Jeffrey and Christine on KVRS Radio – Lafayette
Jeffrey and Christine were recently in Lafayette, Louisiana to give a talk about the David B and cruising in Alaska, as well as to have a little downtime and to eat as much cajun food as humanly possible before the 2018 boating season begins. One of the highlights of their time in Lafayette was being interviewed on KRVS radio. Follow the link before to listen to Jeffrey and Christine talk about the restoring the David B as well as what they enjoy most about being in Alaska.
More Faster Backwards Gets a Blue Ribbon
Earlier this summer my book, More Faster Backwards: Rebuilding David B won 1st place in True Adventure from Chanticleer Book Reviews! We were in the middle of our cruising season (I had just dropped the anchor in Alert Bay, BC. when I got the news.) and so I couldn’t attend the awards ceremony.
Just recently I received a beautiful blue ribbon and a very nice review from Chanticleer.
Read an excerpt of More Faster Backwards…
Here’s a list of places you can buy More Faster Backwards:
Rust and Rot – Taking on the David B
When I think back about our time rebuilding the David B, I remember many stories. Some of those stories are in my book, More Faster Backwards: Rebuilding David B, but most of them are still in my head and preserved in pictures. One night while we were still working on the boat at Lopez Island still stands out. We were invited to attend a bonfire with some of the more colorful local live-a-boards and artists.
For next next few months I’m writing a series of short stories from the David B’s rebuild that didn’t make it into the book. You can find these stories at Pacifc Nor’West Boating. This month’s story is at http://digital.turn-page.com/i/118680/85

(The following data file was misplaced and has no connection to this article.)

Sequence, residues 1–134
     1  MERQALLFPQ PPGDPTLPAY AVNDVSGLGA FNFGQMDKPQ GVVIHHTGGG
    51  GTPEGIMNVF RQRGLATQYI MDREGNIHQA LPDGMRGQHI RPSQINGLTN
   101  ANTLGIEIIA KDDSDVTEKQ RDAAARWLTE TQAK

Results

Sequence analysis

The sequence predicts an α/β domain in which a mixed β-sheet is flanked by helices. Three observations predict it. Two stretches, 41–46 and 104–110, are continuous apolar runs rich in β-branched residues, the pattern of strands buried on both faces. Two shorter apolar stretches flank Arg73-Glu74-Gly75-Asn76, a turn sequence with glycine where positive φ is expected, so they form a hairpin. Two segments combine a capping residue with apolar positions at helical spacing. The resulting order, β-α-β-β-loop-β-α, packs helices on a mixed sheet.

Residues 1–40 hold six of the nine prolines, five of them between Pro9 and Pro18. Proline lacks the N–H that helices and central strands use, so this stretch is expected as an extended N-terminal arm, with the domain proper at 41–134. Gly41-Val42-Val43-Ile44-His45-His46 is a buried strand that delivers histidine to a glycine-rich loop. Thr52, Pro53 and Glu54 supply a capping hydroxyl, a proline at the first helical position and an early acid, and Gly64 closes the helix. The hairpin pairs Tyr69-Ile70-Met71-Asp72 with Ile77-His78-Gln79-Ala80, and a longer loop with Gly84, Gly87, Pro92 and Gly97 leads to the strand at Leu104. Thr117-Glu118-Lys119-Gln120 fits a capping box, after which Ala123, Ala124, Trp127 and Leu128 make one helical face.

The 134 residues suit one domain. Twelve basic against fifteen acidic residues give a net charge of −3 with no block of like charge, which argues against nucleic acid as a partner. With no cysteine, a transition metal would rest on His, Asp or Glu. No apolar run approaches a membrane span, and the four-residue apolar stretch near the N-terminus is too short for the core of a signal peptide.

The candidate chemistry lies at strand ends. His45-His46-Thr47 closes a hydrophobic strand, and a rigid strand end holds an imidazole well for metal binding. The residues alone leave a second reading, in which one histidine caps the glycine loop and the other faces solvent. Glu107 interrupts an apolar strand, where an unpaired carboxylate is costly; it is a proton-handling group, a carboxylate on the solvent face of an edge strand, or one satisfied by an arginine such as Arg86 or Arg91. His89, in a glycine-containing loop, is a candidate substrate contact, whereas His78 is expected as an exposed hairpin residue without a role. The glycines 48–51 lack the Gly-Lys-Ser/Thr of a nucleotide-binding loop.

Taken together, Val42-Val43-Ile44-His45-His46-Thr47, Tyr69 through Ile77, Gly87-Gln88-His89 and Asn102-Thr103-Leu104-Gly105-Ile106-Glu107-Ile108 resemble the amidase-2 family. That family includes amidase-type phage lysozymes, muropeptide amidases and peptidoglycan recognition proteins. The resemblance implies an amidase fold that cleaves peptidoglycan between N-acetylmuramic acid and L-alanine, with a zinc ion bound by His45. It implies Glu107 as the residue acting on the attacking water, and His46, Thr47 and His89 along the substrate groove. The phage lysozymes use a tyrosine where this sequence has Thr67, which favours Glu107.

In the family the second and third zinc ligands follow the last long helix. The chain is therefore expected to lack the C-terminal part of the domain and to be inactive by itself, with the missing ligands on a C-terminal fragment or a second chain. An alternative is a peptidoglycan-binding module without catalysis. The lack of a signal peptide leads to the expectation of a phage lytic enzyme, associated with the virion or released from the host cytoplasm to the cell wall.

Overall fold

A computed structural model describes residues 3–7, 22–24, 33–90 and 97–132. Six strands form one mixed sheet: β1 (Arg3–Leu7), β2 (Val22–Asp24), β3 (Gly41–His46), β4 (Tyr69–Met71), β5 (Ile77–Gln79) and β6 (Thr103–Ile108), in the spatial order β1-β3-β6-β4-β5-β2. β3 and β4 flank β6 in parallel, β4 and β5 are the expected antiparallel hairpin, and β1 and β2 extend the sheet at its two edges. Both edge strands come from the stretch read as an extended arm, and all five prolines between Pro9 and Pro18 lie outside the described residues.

The Next Big Thing
I enjoy reading and writing. This is especially true in the off-season when we’re working on the David B’s winter maintenance. A day or so ago mystery writer and author of The Only Witness, Pam Beason sent me an email with the opportunity to join a “blog hop” where I get to answer some questions about my writing and spotlight a couple of my favorite authors. My author picks are Elsie Hulsizer and Wendy Hinman both of them share the same kind of love for adventure, wilderness and being on the water that I do. I have more information on them at the bottom of this post, but first here are the answers to the ten questions about my writing:
What is the working title of your book?
More Faster Backwards: Rebuilding David B
Where did the idea come from for the book?
I was sitting in the galley of my boat, the David B, with my husband Jeffrey telling stories to our guests. Two of them seriously suggested that I write a book about restoring the boat. I wasn’t convinced that I could write, but they pressed me to commit to writing the boat. By the time we returned to the dock two days later, I had decided that I’d try to write the book.
What genre does your book fall under?
Which actors would you choose to play you in a movie rendition?
I’m always doing a million things and haven’t spent much time watching movies recently, so I had to ask friends who would be a good fit to play me in a movie. The answers were a tie between Kate Winslet and Laura Dern. The runner’s up were Hope Davis, Leelee Sobieski, Helen Hunt and a young Sophia Loren. They are all awesome actors and I’m sure they’d make me more interesting than I really am.
What is the one-sentence synopsis of your book?
More Faster Backwards takes place on a voyage to Alaska where I remember the endless hurdles my husband and I faced restoring an old wooden boat to run as a small tour boat business.
Will your book be self-published or represented by an agency?
I chose to self-publish. I’m not against traditional publishing, but I knew that it would take years to find and agent and a company to publish the book. I also decided to self-publish because I knew I had and audience who was would be interested in buying the book now. To me it made more sense to publish myself and have exposure rather than hold out for the possibility of finding a traditional publisher, which might never happen.